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Grit, guts and glory

Grit, guts and glory
For people who have to watch movies every week, good, bad or ugly, it is great respite when one pops up from the cesspool of fluff, glitz and more fluff that makes you sit back and go –‘Wow, that was interesting!’ Madras Cafe is it. For now. 

After the god awful Once Upon Ay Time in Mumbai Dobara, Shoojit Sircar’s Madras Cafe comes across as the perfect solution to the problem called ‘What the hell is Bollywood upto!?’ It is gritty, it is real and the best part about the movie is that Sircar doesn’t try to take sides. Good and evil aren’t that easy to demarcate and Sircar plays it smart. 

Vikram Singh (John Abraham) is an army officer who is sent to northern Sri Lanka on an undercover mission in the early 1990s after the pullout of the Indian forces from the island. He is assigned to break through the rebel groups that are refusing to follow the peace mandate. Use your brains, not muscles, says the RAW chief (Siddharth Basu). 

In his journey he comes across war journalist Jaya (Nargis Fakhri) who, as is the case with most journalists, is completely obsessed with her truth-search than her safety in the war ravaged scenery. As the story goes, internal security breaches and treachery pits Vikram with his worst nightmares in the Sri Lankan terrains, as beautiful as they are dangerous (though the movie is not shot in Sri Lanka).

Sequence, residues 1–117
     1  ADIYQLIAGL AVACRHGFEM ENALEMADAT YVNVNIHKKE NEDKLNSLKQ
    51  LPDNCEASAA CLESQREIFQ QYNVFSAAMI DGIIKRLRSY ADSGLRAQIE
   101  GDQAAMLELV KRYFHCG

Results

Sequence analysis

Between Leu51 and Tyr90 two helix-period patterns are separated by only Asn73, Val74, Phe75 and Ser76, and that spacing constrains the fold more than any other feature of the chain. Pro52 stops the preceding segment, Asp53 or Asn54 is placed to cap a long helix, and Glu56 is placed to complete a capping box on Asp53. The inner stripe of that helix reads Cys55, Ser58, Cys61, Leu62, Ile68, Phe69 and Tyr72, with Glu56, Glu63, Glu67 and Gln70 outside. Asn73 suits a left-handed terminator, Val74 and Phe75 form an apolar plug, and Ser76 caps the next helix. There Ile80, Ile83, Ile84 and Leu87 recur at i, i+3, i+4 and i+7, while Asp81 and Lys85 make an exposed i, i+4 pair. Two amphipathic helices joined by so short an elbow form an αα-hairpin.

To understand
Madras Cafe
, one would need to know of Sri Lanka’s violent history, its civil wars, the LTTE - Liberation Tigers of Tamil Elam (called LTF in the movie) and the subsequent assassination of the Indian prime minister (who is not named). But then just like the face of the American president in most Hollywood movies that we never get to see, everyone pretty much gets the drift who the person is supposed to be. 

Sircar treads expertly between history of the late 80s and early 90s and mingles it well with his fiction to create
Madras Cafe
. A great script by writers Somnath Dey and Shubendu Bhattacharya, some very crisp dialogues and incredible cinematography make Madras Cafe a must watch.

The movie also has a brilliant  musical score. 

After a tonne of duds, John holds his own in the movie and his stoic, underplayed character adds tragedy to the plot. His restraint, his dialogue delivery and his histrionics all fall in perfect tandem. Fakhri is refreshing and thankfully she doesn’t speak Hindi, but then she doesn’t add much to the character. Newcomer Rashi Khanna hardly gets a scope to prove her mettle. Siddharth Basu is perfectly cold and curt as his role demands. 

Will the film make Rs 100 crore? We aren’t sure – but don’t miss this one. 
Jhinuk Sen

Jhinuk Sen

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